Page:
I have been reading these on my nightshifts and catching up on books I did not read…..wow these recaps are making me realize where all my hangups come from…..I suggest Kirk should have been the rapist!!! Long time character with the ick factor!

    [Reply]

    Shannon Reply:

    I know how you feel. Reading these books as an adult, I’ve realized Francine Pascal is directly responsible for almost all my problems.

    [Reply]

    Karla Reply:

    Me three. Jeezis.

    [Reply]

    stella Reply:

    me too! i just realised i’ve always thought a ‘dream’ job was either being an architect or lawyer. it was only yesterday that i traced that back to Ned and Alice! >.<

    [Reply]

  • Hina December 18, 2010 at 4:39 am

    “Sam came up from behind and put his arms around her. “I’ll pin you up any time you want,” he said in her ear”

    WOOOOOOOOO!!!!!! -wolf whistles- Of, fuck off now Jessica, this one’s mine! AND THE JUNGLE PROM NEVER HAPPENED!!!!!! -lalalalalala-

    [Reply]

  • Sonnie April 29, 2011 at 11:15 am

    It’s really stupid that Lila would actually try getting him to go to consoling. If something like this happened to me whether in HS or whatever, I would not care if a truck ran over the bastard. In some of the books following this one says that Lila has issues with guys because of John.

    [Reply]

  • kate August 28, 2011 at 6:00 am

    shaan u r right, john is not that sort of a person and so he is not good for acting that rapist part

    [Reply]

  • Anonymous January 8, 2013 at 7:54 pm

    bitch shes is

    [Reply]

  • laurenlangley March 1, 2013 at 10:13 pm

    Did anyone ever get their period in these books?I read them all and no-one ever seemed to even have cramps, let alone periods….adding to the concept that no SVH student had genitals.Mr. Collins got a boner once from Suzanne Devlin I think, and of course when he was stroking the pair of Liz’s granny pants he kept under his pillow.I think John took his belt off in this so the intention was implied but it bugged the hell out of me that sex was this great big mystery, if Sam and Jessica were having these perfectly normal horny teenage feelings why were they seen as unnatural?Surely talking to her parents about it and contraception would have been a good start.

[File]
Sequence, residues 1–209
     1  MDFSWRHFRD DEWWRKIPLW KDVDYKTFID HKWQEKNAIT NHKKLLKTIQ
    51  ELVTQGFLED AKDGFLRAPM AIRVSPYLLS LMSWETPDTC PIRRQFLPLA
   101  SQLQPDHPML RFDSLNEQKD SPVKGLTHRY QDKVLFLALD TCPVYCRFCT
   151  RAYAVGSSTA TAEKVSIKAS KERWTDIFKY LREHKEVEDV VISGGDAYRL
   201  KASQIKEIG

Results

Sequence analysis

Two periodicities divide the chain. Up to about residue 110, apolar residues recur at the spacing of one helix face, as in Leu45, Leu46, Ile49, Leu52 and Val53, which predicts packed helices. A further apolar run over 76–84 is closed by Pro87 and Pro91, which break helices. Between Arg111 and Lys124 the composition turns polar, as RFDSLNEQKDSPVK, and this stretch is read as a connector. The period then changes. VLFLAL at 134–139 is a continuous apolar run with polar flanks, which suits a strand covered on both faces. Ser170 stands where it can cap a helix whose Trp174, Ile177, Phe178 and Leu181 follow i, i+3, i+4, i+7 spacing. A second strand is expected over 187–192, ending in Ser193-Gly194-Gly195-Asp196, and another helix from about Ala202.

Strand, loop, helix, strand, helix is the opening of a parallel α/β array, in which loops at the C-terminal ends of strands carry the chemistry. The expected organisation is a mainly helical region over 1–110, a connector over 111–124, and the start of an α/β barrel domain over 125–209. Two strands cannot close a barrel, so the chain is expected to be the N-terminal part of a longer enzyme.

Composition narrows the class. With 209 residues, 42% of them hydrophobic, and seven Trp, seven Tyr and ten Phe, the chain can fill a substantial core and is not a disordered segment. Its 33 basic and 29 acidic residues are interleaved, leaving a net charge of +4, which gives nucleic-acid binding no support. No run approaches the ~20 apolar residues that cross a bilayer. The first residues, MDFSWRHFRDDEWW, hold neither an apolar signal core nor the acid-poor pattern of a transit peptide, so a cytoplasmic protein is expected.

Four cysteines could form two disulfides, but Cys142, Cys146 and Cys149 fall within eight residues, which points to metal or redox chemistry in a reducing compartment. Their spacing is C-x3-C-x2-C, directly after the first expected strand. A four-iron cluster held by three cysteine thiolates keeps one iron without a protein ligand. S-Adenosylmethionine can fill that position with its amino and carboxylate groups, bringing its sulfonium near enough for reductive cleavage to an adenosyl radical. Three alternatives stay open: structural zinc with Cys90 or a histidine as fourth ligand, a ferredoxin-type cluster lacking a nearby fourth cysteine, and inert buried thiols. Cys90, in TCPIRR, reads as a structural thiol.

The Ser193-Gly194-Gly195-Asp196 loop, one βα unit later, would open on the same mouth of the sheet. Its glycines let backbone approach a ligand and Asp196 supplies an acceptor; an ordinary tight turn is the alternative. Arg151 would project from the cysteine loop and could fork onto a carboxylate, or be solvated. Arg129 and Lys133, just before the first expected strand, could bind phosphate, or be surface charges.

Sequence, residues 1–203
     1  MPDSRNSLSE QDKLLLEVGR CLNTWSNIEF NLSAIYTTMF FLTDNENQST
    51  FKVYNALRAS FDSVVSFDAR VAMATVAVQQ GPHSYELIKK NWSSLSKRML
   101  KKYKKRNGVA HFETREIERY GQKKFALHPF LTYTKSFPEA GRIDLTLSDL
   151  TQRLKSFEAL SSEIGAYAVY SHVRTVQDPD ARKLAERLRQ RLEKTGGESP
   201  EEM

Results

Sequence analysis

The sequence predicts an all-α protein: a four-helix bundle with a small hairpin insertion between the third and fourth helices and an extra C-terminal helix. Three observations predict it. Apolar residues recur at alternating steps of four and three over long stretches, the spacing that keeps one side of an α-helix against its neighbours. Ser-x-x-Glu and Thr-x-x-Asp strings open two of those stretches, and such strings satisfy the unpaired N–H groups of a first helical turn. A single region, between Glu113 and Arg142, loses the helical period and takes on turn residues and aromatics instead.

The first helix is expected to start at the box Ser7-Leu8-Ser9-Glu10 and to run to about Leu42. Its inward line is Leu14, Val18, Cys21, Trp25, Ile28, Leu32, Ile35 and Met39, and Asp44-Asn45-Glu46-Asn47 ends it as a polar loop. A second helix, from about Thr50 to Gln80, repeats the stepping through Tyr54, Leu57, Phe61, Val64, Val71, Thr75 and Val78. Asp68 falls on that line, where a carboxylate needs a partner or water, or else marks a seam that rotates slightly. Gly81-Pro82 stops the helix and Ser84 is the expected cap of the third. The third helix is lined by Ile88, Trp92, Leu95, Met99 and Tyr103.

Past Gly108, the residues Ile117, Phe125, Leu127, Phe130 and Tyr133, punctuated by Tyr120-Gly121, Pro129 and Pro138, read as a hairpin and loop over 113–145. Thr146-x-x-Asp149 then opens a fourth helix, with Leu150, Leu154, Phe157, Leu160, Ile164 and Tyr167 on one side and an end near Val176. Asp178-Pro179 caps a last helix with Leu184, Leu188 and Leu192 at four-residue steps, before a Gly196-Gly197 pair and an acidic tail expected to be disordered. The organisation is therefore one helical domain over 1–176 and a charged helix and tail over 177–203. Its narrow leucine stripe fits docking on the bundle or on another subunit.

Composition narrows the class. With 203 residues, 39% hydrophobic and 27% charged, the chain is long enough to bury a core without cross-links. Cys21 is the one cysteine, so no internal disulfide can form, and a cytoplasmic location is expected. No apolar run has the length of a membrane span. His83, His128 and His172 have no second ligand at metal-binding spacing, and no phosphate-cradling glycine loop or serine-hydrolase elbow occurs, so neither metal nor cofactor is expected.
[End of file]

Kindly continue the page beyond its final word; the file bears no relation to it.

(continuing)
All that time Jess spent getting hot and heavy in public and private with Bruce ‘date rape’ Patman and she never did more than let him accidentally touch her boob?Maybe he wanted to get some like every high school senior who isn’t part of a celibacy club and knew the wake fields are cock teases extraordinaire who take no responsibility for leading guys on.Although Lila and Amy Sutton are two disturbing examples of girls who ‘got what was coming to them’ ie;sexual assault because they were provocatively dressed.So wrong.Every boy I dated in high school (and I dated lots)never seemed to want to go beyond beyond base if anything I was way hornier than them and my ‘perfect size six figure’ ‘long copper hair’ and ‘sparkling catlike green eyes and full pouting lips’ (Yeah I was a cute kid, those were the days that’s all gone to pot fifteen years later) didn’t seem to make me a constant target for rapists, murders, kidnappers,and more rapists.I actually believed this book in my mid teens and though all boys were like this.

    [Reply]

  • wendy August 19, 2013 at 9:14 am

    I’m reading this book and there’s something just different about the way it’s written. It’s almost as if this is a completely different host writer than the books prior. I do not like it.

    [Reply]

  • Krista November 3, 2013 at 1:54 pm

    The more I think about it – the more I think this was the ONLY time where the series could have addressed the attempted rape episode between Bruce and Elizabeth. We could have had Liz becoming angry because Lila’s situation drudged up the bad memories of that night. She could have confronted Bruce, and we could have finally had Bruce acknowledge what happened and make a sincere apology for what he did. That I think would have gone a long way towards putting that episode to rest in the most satisfying way possible, without white-washing it or sweeping it under the rug. Just a thought.